So, who is this EH? I came across this bookplate when a student was working on a book with it, and there was no indication of who it belonged to in our records. But it got under my skin—I was certain that since we had others with that mark, and since it was clearly not an inexpensive bookplate, it had to be connected with an owner that could be traced. And so I began what was (in retrospect) a slightly roundabout way of working out who it was. Continue Reading →
3 July 2014
Just in time for the holiday weekend, a new crocodile mystery!
your July mystery
This month’s crocodile mystery will be, for many of you, obvious as a category of object. So there’s an extra challenge: what else can you say about its identity? (Full disclosure: I have a hunch on this, but would love to get confirmation or a different answer from your collective wisdom. And as your reward, we might get to update the associated record in our catalog!)
1 July 2014
A guest post by Nigel Ramsay
For many visitors to the Folger’s Heraldry exhibit, “Symbols of Honor,” the stars will be the three original draft grants on paper of Shakespeare’s coats of arms. These belong to the English heralds’ long-established institution, the College of Arms in London, and they have never before been out of England.
the three drafts of the grants of arms to Shakespeare’s father
The Shakespeare grants can be seen to be in the hand of the herald William Dethick. It is surely more than probable that they represent what he discussed with William Shakespeare and wrote down at the time, when the two men were together one day at the College of Arms.
Of course it’s a pity that the resultant formal grants—calligraphically-written parchment documents that would each have had a painting of the Shakespeare arms—no longer survive. Shakespeare’s own archive disappeared centuries ago. Just what the parchments looked like can easily be imagined, however, by looking at some of the contemporary examples of such documents that are in the show. (See, for example, this grant of arms to Stephen Powle.) We can also be absolutely sure that William Shakespeare did use the coat of arms that is the subject of the first two drafts, since this coat appears on his funerary monument in the parish church in Stratford-upon-Avon. Continue Reading →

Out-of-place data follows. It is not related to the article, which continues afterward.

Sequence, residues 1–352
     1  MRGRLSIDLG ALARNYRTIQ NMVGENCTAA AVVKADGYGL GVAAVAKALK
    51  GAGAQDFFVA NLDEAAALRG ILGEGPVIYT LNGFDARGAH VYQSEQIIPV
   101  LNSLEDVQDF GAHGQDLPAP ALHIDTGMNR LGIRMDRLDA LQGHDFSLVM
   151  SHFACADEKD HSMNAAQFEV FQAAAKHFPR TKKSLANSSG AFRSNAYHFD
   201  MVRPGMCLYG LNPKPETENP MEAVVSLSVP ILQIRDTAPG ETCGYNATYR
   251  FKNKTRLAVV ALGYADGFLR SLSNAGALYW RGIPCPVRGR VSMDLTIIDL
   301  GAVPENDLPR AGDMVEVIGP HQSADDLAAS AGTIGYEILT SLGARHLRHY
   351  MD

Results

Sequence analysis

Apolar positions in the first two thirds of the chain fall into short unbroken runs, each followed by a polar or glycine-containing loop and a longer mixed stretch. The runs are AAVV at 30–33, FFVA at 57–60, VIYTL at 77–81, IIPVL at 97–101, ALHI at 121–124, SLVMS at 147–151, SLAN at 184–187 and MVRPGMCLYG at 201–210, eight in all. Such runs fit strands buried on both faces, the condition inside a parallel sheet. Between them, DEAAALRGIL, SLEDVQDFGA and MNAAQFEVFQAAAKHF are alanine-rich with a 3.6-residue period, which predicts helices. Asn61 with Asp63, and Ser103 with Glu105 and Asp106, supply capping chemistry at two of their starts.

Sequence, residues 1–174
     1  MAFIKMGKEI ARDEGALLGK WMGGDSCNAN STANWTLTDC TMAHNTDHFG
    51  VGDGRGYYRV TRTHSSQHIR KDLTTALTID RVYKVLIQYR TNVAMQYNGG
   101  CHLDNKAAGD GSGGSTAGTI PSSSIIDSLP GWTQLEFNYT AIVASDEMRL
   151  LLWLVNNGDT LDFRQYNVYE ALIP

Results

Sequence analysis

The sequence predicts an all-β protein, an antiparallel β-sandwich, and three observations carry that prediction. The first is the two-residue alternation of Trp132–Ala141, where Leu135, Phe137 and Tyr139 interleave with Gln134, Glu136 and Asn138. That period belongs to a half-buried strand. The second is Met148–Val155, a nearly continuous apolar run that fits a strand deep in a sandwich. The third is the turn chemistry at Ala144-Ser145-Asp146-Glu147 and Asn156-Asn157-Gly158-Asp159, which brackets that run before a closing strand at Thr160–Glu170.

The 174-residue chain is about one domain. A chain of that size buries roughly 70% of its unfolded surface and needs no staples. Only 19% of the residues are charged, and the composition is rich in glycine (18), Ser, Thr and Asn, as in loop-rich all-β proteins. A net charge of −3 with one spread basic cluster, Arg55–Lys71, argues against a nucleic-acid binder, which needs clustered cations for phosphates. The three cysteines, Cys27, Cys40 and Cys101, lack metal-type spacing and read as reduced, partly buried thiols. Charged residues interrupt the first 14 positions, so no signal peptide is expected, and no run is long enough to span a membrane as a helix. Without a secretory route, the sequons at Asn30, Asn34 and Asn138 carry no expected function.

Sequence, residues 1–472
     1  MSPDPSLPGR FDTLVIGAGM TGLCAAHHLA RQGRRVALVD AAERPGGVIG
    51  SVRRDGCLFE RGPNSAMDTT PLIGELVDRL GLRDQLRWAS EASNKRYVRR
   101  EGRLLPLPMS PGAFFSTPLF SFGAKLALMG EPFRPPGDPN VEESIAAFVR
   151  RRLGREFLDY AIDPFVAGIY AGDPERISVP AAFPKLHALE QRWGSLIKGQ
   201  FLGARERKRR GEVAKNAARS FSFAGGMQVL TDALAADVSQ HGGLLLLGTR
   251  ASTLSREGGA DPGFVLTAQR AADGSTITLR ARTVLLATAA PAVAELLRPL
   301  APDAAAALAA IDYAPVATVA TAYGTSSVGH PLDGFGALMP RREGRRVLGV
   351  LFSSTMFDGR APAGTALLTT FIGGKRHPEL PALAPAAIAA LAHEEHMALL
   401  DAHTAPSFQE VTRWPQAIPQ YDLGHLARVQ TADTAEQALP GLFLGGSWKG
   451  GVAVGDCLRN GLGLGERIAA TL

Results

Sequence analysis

24 June 2014
In recent months, the Folger Shakespeare Library added a rare emblem book to its holdings, a thin quarto bound in pasteboards holding 24 unnumbered leaves . The emblem book presents itself as a “new year’s gift” containing 13 engravings: one coat of arms and twelve emblems executed by the prolific engraver Frederik Bouttats. The author of the text is a Jesuit who remains anonymous.
Title page of the 1658 emblem book. The printer’s device of printer Cornelis Woons, the “golden star,” is hand-colored. (fol. π1r)
The book was produced in 1658 by the Antwerp printer Cornelis Woons, who was active in that city between 1645 and 1673, the year of his death. Woons was a productive printer: the Short Title Catalogue Flanders currently lists 147 titles that refer to him. At least one of those titles is a false imprint: a 1686 edition mentioning his name appeared 13 years after his death and probably has a northern origin, as it discusses the reasons why the reformed faith should be—“according to its own foundations”—untrue to God. The fact that Woons’s name became a method of obfuscation for works with sensitive content can be considered an indirect marker for his success. Continue Reading →